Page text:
Saturday, September 24, 2016

Crying Freeman

   As I was messaging my friend, telling them I was watching Crying Freeman their first response was "Huh? What's that?" so I explained that it's a 90's action-thriller starring Mark Dacascos. "Who?" Sigh. Mark Dacascos is a national treasure that too many people don't know exist. He never got the fame of Jean Claude Van Damme, or even Dolph Lundgren, but to the action junkies like me, he's a reliable ass-kicker with charisma and good looks. When he lands a leading role, like this one in Crying Freeman... I pay attention.

   In The Crow: Stairway to Heaven, a well-received TV series re-imagining the cult favorite movie starring Brandon Lee, Dacascos played the iconic title role. He also starred in Drive, a crazy, fast, and wild late-90's actioner directed by Steve Wang (same guy behind Guyver 2: Dark Hero, which is a pretty awesome flick). Dacascos also starred in The Brotherhood of the Wolf, an under-seen genre-bending gem in which Mark kicked so much ass. My belabored point being is that whenever he's in something, it's usually (but not always) awesome. Crying Freeman was no exception. It's a perfect leading-man vehicle for Dacascos, from the director of The Brotherhood of the Wolf, oozing with style, and crackling with action scenes.

   The movie itself isn't 'great', but it's great entertainment nevertheless. It's story is a bit tangled, but is really rather simple. A legendary hitman rebels against the law and tradition of his clan and spares the life of a beautiful woman who custom dictates he must kill. This one act of mercy sends his life into a tailspin and kicks off a chain of events with far reaching implications. Suddenly, the hunter has become the hunted! There much be hundreds of movies that fit a description nearly identical to this. But what Crying Freeman lacks it fundamental originality it makes up for with charisma, style, and it's own twist on things.

   The movie is an adaptation of the anime, or a manga, both of the same name. In all truthfulness, I've neither seen nor read either one, so it's not too important to me personally which it's adapting. Having said that, I've looked around online and fan reception to the movie is generally positive. They all seem to agree that while it's not the best thing in the world, it's really fun and pretty good. That's pretty much my own stance on it too. The pivotal romance plot at the heart of the movie is... well, kinda dumb. Words which are hardly my own, but I couldn't find a better way to say it. Dacascos' hitman named Yo, takes one look at this woman and it changes his life I guess.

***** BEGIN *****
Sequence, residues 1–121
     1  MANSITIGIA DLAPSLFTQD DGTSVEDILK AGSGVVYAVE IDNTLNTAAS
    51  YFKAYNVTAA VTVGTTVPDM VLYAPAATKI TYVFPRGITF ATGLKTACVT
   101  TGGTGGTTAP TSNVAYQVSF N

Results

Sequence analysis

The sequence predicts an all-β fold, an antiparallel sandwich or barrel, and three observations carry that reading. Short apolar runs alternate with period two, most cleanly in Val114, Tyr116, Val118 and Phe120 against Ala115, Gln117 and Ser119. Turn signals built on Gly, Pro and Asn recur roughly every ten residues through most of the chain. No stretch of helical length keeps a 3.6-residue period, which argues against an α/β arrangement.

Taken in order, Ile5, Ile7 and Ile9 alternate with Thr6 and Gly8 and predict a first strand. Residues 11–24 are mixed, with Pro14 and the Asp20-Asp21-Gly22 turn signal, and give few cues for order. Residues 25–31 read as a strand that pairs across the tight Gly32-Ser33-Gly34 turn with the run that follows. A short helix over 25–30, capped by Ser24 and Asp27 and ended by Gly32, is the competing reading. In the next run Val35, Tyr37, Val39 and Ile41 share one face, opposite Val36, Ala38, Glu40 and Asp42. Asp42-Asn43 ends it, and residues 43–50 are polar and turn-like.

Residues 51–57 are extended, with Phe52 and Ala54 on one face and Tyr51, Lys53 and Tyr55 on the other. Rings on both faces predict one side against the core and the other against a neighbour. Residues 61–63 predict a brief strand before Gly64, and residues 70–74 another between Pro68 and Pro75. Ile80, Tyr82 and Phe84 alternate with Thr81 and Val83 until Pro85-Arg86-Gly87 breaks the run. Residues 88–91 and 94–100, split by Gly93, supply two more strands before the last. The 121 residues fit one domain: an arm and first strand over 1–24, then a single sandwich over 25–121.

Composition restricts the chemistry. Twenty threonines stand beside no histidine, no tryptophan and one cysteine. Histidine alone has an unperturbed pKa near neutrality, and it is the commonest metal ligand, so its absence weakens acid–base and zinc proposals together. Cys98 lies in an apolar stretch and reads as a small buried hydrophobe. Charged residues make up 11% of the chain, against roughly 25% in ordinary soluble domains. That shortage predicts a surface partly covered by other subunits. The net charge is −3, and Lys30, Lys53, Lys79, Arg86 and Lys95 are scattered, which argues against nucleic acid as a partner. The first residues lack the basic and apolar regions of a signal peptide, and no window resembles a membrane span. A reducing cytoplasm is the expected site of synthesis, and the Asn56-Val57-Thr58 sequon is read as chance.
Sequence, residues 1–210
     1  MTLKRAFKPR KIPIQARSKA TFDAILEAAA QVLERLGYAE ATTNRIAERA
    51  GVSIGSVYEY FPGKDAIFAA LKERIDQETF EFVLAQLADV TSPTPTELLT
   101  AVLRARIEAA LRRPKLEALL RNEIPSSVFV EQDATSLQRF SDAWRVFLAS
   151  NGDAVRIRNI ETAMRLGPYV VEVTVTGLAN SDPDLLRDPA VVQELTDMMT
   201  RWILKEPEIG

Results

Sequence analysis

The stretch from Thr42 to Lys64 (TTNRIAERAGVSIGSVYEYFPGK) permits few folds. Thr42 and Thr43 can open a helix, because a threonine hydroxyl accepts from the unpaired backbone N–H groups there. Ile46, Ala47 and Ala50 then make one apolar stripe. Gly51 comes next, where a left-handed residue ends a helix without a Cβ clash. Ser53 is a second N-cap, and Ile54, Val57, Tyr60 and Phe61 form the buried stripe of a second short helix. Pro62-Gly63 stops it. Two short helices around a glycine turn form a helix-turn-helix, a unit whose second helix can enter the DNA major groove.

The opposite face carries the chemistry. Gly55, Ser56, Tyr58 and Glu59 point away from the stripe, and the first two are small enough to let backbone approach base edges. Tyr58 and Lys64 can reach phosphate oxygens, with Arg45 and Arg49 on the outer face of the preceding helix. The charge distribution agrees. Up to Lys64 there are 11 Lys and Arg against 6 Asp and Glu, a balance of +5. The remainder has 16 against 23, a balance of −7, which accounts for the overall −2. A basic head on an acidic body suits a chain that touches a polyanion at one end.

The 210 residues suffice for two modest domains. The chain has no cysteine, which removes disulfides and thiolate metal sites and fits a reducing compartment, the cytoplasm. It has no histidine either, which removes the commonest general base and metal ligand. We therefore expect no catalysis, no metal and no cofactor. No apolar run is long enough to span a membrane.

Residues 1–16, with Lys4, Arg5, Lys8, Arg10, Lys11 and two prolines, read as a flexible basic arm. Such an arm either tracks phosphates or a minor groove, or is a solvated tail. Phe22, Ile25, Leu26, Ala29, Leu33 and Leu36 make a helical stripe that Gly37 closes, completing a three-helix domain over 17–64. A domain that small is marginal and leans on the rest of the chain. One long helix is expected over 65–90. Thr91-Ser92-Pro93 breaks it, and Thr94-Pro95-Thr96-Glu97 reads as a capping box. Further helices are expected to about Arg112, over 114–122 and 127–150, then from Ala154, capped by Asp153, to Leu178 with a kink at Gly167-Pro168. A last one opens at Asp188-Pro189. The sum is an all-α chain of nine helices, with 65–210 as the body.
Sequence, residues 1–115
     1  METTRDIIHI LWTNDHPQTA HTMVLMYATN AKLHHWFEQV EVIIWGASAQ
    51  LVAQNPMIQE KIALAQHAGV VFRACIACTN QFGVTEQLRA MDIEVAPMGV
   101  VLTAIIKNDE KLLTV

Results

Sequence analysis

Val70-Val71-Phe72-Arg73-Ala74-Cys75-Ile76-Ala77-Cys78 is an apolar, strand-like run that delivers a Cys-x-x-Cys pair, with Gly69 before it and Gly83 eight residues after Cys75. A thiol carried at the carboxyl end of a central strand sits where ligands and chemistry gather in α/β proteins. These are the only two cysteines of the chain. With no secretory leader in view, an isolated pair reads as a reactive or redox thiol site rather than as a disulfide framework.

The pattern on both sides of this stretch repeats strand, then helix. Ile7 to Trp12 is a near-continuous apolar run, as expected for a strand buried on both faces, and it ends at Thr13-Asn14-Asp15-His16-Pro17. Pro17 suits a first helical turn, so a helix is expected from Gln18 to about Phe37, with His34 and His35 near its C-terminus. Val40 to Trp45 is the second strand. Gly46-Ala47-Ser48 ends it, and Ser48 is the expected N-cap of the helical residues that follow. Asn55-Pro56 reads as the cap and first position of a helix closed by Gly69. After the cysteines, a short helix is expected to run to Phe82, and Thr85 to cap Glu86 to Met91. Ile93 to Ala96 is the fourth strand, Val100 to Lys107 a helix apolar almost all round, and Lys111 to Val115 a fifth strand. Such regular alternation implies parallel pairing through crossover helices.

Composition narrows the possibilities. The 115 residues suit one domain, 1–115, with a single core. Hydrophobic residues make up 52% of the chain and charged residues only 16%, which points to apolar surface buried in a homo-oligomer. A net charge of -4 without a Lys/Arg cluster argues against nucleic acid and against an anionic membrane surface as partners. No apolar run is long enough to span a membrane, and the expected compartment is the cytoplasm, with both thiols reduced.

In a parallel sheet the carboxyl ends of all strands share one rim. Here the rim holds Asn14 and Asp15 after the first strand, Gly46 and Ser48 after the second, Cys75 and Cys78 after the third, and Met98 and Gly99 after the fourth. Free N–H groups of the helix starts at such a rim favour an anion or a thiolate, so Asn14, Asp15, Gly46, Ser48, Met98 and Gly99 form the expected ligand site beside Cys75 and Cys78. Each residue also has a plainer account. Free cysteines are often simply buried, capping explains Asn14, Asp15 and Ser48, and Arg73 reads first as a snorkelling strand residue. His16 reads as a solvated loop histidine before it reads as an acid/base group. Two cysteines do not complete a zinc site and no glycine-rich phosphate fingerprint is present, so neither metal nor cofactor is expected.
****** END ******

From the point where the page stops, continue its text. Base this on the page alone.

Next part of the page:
In a crime thriller about the Yakuza, gang wars, dirty cops, murder, politics, and assassins... love at first sight seems woefully out of place. It's bearable though, due in no small part to the movie's storybook-esque approach to the material. The action scenes are almost always in slow motion, and instead of being accompanied by a pulse pounding techno soundtrack, the score is somber and emotional. Characters frequently narrate flashbacks, elaborating on events to the audience with impassioned voices. This might sound a bit hokey, but it's not. Not really. The movie's low key tone and introspective nature lend itself more to a theatrical melodrama as opposed to a high-octane action movie. So, it works.

   It also brings to mind a lot of the 'heroic bloodshed' flicks in Hong Kong cinema. The stuff John Woo built his career on. Crying Freeman is kind of a comic book version of The Killer by way of a moody stage play. With that comparison in hand, energetic and stylish action scenes seem comfortably familiar even in this contemplative setting. Yo is a morally and ethically conflicted killer, but he's also a damn good killer. The movie infrequently explodes into meticulously crafted action scenes that seem to rain bullets and blood down on the audience with enthusiastic glee half-hidden behind its straight-faced facade.

   For every longing stare, love scene, and shot of Mark's bare ass, there's an equal amount of inventive violence and sizzling gunplay. If you can stand the oddly muddled story, the general melodrama and the underdeveloped romance, you might be surprised by how refreshing Crying Freeman is. For all it's bloodshed and slow motion, the serene and thoughtful approach to the material occasionally has the movie approaching something resembling... beautiful. But, what do I know? I'm here for the backflips, blood spray, shootouts and sword fights. This movie has plenty of that stuff. Maybe not in excessive doses like a John Woo flick, but enough to keep an action junkie like me smiling throughout.

   At the end of the day, Crying Freeman is a perfectly adequate style over substance hitman thriller that boasts a decent performance from Mark Dacascos, and a high enough 'cool' factor, that it could've been a big hit. I've no idea why this movie languishes in relative obscurity. If you have the opportunity to watch it, by all means, it's a fun time just waiting to be had.

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